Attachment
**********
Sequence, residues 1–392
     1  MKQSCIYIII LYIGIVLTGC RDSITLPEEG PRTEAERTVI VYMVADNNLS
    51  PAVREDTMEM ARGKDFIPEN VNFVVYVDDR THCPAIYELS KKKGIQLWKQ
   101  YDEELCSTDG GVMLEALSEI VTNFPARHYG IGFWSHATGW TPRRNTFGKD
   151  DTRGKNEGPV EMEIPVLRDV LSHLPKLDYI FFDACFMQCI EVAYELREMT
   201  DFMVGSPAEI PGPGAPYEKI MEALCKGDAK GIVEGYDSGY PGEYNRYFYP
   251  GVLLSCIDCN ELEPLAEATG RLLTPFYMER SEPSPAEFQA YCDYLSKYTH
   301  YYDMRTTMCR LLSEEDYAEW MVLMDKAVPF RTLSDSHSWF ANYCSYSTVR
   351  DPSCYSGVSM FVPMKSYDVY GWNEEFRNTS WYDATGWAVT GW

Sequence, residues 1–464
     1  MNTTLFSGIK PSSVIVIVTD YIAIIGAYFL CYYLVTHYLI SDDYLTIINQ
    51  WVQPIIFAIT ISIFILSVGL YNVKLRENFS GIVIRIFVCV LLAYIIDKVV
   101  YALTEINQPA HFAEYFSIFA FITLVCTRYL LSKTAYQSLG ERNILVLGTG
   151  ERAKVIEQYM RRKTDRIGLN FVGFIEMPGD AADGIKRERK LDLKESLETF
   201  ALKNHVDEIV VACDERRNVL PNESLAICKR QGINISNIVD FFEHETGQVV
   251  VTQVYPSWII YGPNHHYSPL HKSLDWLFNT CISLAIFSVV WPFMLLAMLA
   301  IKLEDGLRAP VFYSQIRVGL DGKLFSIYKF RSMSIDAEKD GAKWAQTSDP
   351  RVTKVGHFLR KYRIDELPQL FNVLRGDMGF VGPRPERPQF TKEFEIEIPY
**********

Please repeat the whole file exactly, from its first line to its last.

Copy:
Sequence, residues 1–392
     1  MKQSCIYIII LYIGIVLTGC RDSITLPEEG PRTEAERTVI VYMVADNNLS
    51  PAVREDTMEM ARGKDFIPEN VNFVVYVDDR THCPAIYELS KKKGIQLWKQ
   101  YDEELCSTDG GVMLEALSEI VTNFPARHYG IGFWSHATGW TPRRNTFGKD
   151  DTRGKNEGPV EMEIPVLRDV LSHLPKLDYI FFDACFMQCI EVAYELREMT
   201  DFMVGSPAEI PGPGAPYEKI MEALCKGDAK GIVEGYDSGY PGEYNRYFYP
   251  GVLLSCIDCN ELEPLAEATG RLLTPFYMER SEPSPAEFQA YCDYLSKYTH
   301  YYDMRTTMCR LLSEEDYAEW MVLMDKAVPF RTLSDSHSWF ANYCSYSTVR
   351  DPSCYSGVSM FVPMKSYDVY GWNEEFRNTS WYDATGWAVT GW

Sequence, residues 1–464
     1  MNTTLFSGIK PSSVIVIVTD YIAIIGAYFL CYYLVTHYLI SDDYLTIINQ
    51  WVQPIIFAIT ISIFILSVGL YNVKLRENFS GIVIRIFVCV LLAYIIDKVV
   101  YALTEINQPA HFAEYFSIFA FITLVCTRYL LSKTAYQSLG ERNILVLGTG
   151  ERAKVIEQYM RRKTDRIGLN FVGFIEMPGD AADGIKRERK LDLKESLETF
   201  ALKNHVDEIV VACDERRNVL PNESLAICKR QGINISNIVD FFEHETGQVV
   251  VTQVYPSWII YGPNHHYSPL HKSLDWLFNT CISLAIFSVV WPFMLLAMLA
   301  IKLEDGLRAP VFYSQIRVGL DGKLFSIYKF RSMSIDAEKD GAKWAQTSDP
   351  RVTKVGHFLR KYRIDELPQL FNVLRGDMGF VGPRPERPQF TKEFEIEIPY